In Part 1 of this series, I focused on the preparation needed to process your email. Then, in Part 2, I guided you through the steps of doing the processing. So, if you have not read those, yet, check them out, and then come back here. In this post, Part 3, we’ll tackle, perhaps, the most difficult aspect of emails. Writing those that need time, energy and thoughtfulness to craft.
For a few reasons, some of which I will describe below, writing emails can be quite a challenge for ADHD adults. Sure, when faced with writing emails, everyone deals with those that leave them in a quandary. But your ADHD symptoms might make these even more difficult to deal with.
And so, your email continues to pile up because you tell yourself, “I’ll have to get back to those when I figure out how to respond.” But all you really mean is not now. Because, for adults with ADHD, there is now and not now. So, I bet when you say this to yourself you don’t really know when you’ll figure it out.
It’s important to acknowledge what a slippery slope this thinking can be for you. And start to learn how to respond to difficult emails, rather than avoiding them and allowing your inbox to explode.
Ready to do that?
#1 – Decide Whether Email Is the Best Medium to Communicate
Sometimes you are having a difficult time crafting an email because it simply isn’t the best medium to use. As there are contexts where a conversation either in person or over the phone would be better. If you’re not sure whether an email is appropriate or not, here are a few guidelines:
- When you are emailing back and forth multiple times, and crafting lengthy responses, a phone conversation or meeting is probably best. And will likely save you time in the long run.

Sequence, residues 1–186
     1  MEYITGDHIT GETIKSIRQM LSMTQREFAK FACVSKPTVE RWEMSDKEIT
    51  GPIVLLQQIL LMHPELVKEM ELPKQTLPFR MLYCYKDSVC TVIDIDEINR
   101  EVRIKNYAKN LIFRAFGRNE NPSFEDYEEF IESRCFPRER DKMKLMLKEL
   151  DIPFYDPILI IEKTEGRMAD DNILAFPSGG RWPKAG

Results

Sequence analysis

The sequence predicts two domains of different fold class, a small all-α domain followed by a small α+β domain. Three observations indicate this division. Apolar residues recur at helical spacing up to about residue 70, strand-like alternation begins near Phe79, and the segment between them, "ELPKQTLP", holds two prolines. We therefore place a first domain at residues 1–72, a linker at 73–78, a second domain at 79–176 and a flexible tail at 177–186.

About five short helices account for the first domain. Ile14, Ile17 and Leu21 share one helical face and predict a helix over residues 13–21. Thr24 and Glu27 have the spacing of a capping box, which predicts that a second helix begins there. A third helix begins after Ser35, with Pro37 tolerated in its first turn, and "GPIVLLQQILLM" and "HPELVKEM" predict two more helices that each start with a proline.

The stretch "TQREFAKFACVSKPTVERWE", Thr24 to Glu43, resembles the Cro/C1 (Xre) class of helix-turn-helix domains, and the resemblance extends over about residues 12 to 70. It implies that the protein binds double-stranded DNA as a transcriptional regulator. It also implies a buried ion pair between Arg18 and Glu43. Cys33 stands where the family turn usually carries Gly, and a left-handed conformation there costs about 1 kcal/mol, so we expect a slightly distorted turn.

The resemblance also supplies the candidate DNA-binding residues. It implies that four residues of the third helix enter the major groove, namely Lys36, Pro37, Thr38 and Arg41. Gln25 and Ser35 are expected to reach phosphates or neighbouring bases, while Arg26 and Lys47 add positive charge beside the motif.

- Of course, if it is an urgent matter, always pick up the phone. As you can’t be sure when the recipient will see the email.
- A phone call or meeting is also always best when the subject is sensitive and easily misinterpreted.
Maybe even when you are clear a conversation or meeting would be more appropriate, you opt to hide behind email, because of your challenges with having crucial conversations. You can start to understand how your ADHD may be contributing to these challenges and begin enhancing your communication skills by checking out how ADHD adults keep conversations from going horribly wrong.
#2 – How to Write Emails When You’re Uncertain What to Write
Then there are times when an email is a perfectly acceptable medium for communication. But you’re just not sure how to craft it. And so, you put off writing it. Because you’re going to do it later when there’s a better time. Right. 😊
In some instances, if you put aside a bit of time to do some upfront thinking, you might find it is not that hard for you to write the email. But you might not realize this is all you need until you give yourself the time and space. So, you’ll need to experiment a bit to figure this out.
Check out tips # 8 and #9 in Part 2 – How to Process Your Email for strategies on how to do this.
#3 – What to Do When Writing an Email Makes You Anxious
But what if, not only are you uncertain about what to write, but the thought of crafting an email makes you really anxious?
Maybe you are putting it off because, well, you have put it off for so long. And now you’re too embarrassed to respond. The best course of action is an apology and a response. You know that. There’s no other way out of these. Unfortunately.
Alternatively, you might not be responding because you don’t have the answer at your fingertips. It’s still imperative to respond and not leave them hanging, though, right? In these instances, you could reply with something like:
- “I don’t know, but you might want to ask Kia or look at XYZ site or…”